(Reuters) – Yanet Seyoum Gebremedhin strokes across a public swimming pool in Addis Ababa, calmly gliding past, and around, leisurely swimmers as they frolic along her path, determined not to lose her focus.In Ethiopia, athletes are usually associated with the graceful, wiry figures of the nation’s long-distance runners rather than with any other sports.
So when Ethiopia’s soon-to-be first female Olympic swimmer struts her stuff in the chilling waters of the Ghion Hotel’s 50-metre pool ahead of the London Games, few pay attention apart from her civil servant mother Tsigework Abebe, who uses a mobile telephone to time her daughter’s laps.
“There are no lanes here. Everyone does whatever they want,” she told Reuters while standing by the side of the pool, the interview drawing newfound attention. “You really have to mind your pace.”
Born in the northern town of Kombolcha, the 18-year old Yanet was drawn to swimming at the age of 12 with her family taking occasional leisure trips to the area’s only pool.
The child from a country famous for producing world-beating runners like Haile Gebrselassie and Kenenisa Bekele soon discovered she had talent and started competition a year later against rivals twice her age.
Five years and dozens of domestic titles later, she will participate in the 50 metre freestyle in London, granted under the Games’ universality policies.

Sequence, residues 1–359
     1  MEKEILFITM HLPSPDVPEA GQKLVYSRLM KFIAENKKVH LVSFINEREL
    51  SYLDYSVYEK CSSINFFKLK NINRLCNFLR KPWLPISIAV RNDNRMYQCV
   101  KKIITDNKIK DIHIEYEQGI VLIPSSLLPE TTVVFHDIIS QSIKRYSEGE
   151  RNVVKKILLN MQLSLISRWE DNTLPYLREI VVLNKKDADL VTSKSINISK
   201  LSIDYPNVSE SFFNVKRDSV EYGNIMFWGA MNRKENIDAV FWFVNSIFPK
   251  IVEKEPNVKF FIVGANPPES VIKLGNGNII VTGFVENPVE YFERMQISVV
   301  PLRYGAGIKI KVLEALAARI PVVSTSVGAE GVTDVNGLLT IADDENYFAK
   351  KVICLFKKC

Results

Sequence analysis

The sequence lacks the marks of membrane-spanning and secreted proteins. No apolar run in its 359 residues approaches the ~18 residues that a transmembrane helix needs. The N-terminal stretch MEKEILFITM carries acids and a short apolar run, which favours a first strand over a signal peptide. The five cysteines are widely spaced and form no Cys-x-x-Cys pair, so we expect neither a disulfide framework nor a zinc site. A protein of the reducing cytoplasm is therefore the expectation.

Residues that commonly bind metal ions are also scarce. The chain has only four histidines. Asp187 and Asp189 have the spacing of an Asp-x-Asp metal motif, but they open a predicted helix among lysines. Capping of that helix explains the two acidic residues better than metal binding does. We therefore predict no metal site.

A male colleague has also been awarded a spot in London.
“I feel proud for representing my country for the first time at the Olympics. It’s a big deal,” she said.
Yanet, an engineering student, has already won 40 gold, five silver and two bronze medals while competing in domestic events ranging from participation in 50 metres to 5,000 metres.
She has also taken part in two World Championships, a World Youth Olympics and an All-African Games event in the last three years.
Though her chances of taking a leaf out of her running compatriots’ books is unlikely, she hopes to turn into a bona-fide contender as the years go by.
Yet, there is a serious dearth of facilities in landlocked Ethiopia.
Only a handful of swimming pools exist throughout, often manned by former navy personnel as life savers, who were rendered jobless following the secession of Eritrea, a former province along the Red Sea, in 1993.
Yanet relies on a trainer of the same mould, though she is reduced to just making phone calls for training tips as he lives 100 kilometres away.
“I’m working hard for her, in a field I barely know anything about,” Tsigework said of her daughter’s training regimen.
“I come straight from work and push her to work hard and not miss training, but it’s her coach who gives her the real direction.”
Yanet’s finest hour came at the world short course championships in Dubai, clocking a personal best of 32.87 seconds, something she would be aiming to better in the London pool.
“To be a winner first you have to improve your time.”
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